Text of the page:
— because really, at this point in my life, I’m at peace with the fact that I will never be able to recuperate after a long, hard haul through an academic year and all of its attendant stuff without Tyra Banks yelling through the television screen that her mama yells at her like that because she loves her.

A Reading and A Dinosaur

Are you going to be in the general Statesboro, Georgia area around, say 2:30 tomorrow?  And are you looking for something awesome to do?  Because there’s something awesome going on in the general Statesboro, Georgia area around 2:30 tomorrow — specifically, that something awesome is going on the Georgia Southern University campus, at the Georgia Southern University Museum, at exactly 2:30 tomorrow, April 19th, 2013.  More specifically, the something awesome that’s going on is a reading from some of the Georgia Southern University Department of Writing and Linguistics faculty — including, yes, yours truly.  I’ll be reading from my book, Maleficae, and I’ll be selling and signing the book as well.  I’m super-extremely-very-much-for-real honored to be sharing the stage with two of my talented colleagues, who also have had or soon will have books come out: Jared Yates Sexton, who’ll be reading from his recently published short story collection, An End to All Things, and Laura Valeri, who’ll be reading from her soon-to-be-published short story collection, Safe in Your Head.

And just in the off-off chance that that’s not enough to bring you to the general Statesboro area around 2:30 tomorrow — and, specifically, the Georgia Southern University Museum — there’s the added excitement that there IS A DINOSAUR THERE (insert approximately twelve thousand exclamation points).  Well, okay, it’s not a real dinosaur.  Neither is it, as I imagined, a giant dinosaur sculpture that you can somehow operate through animatronics or get inside, as I had dreamed.  Still, it is A DINOSAUR, which is awesome in general.  Specifically, it’s a Mosasaur, which is basically like a giant dinosaur alligator eel (SO MANY EXCLAMATION POINTS).  The Google Machine tells me the Mosasaur looks like this:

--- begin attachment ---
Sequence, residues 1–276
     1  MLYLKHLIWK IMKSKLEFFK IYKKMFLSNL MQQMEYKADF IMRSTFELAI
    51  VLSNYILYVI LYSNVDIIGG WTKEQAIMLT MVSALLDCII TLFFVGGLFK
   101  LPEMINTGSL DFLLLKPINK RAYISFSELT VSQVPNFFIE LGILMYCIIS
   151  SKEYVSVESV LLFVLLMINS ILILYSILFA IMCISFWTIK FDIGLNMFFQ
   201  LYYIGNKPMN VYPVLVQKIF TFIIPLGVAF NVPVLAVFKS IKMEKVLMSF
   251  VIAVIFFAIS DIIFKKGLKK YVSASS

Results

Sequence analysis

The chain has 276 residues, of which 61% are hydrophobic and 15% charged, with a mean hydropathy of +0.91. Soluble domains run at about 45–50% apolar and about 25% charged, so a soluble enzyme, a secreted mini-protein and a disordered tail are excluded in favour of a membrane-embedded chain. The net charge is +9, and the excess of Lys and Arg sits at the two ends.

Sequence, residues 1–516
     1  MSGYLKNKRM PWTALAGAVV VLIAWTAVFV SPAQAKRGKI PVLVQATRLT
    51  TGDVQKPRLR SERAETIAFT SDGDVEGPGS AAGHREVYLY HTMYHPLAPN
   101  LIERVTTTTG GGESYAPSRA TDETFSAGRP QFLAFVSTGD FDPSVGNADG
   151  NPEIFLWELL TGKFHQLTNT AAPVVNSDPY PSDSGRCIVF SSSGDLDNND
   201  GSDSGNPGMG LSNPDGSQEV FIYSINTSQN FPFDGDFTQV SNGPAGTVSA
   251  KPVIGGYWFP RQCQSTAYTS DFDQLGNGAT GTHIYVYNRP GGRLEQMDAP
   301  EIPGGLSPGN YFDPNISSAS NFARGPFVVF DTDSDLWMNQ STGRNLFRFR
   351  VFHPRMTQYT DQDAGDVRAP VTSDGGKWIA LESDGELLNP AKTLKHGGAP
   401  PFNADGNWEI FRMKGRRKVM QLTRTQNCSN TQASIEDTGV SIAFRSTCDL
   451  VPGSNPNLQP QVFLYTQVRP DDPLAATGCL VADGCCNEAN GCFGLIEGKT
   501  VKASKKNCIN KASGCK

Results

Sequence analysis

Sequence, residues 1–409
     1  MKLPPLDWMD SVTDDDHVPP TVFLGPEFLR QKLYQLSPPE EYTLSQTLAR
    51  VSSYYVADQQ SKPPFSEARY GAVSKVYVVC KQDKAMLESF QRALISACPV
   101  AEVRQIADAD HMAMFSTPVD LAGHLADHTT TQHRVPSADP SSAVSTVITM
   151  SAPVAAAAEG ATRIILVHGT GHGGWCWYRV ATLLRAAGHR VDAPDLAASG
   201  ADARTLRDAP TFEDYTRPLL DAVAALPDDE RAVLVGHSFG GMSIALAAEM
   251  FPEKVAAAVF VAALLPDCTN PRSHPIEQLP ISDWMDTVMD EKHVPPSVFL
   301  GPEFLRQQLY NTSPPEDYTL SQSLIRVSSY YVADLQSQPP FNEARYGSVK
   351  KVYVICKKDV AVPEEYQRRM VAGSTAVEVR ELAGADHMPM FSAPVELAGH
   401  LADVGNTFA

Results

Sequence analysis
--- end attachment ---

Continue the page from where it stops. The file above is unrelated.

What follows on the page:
Meh.

Meh.

But I think that this is probably more accurate:

Mosasaurpaint

TOTALLY ACCURATE.

That’s not to frighten you, of course, but just to say — things? Will be AWESOME.

The Story Behind “The Damage”

Today, one of my dreams came true, and I say that without exaggeration: a piece of mine, from Inch magazine, is featured today on Poetry Daily.  I found out about this a while ago but didn’t really believe it was actually happening until I saw it today, and I’ve had to look at it again and again to make sure that I’m not just dreaming.  I mean, I’m not, right?  You can see it too?

Here's a picture of the beheaded cherub.  I miss it, still.

Here’s a picture of the beheaded cherub. I miss it, still.

I thought I’d write a short blog entry about the piece, since I’m always curious about the poems that pop up on Poetry Daily and, well, like, everywhere that poems tend to pop up.  I won’t tell the whole story behind it because a.) I already did that, and b.) then where will the mystery be?  Suffice it to say that the story behind this involves a huge move, which is a new beginning, and a huge break-up, which is, of course, an ending.  Besides the relationship, a few things were broken during or missing after the move: a couch cushion, my bicycle, and the head of a cherub on this terrible and beautiful planter my grandmother had used as storage for cotton balls.  It was a strange time, a time when beginnings were muddled with endings, and I could hardly tell the difference between the two anymore.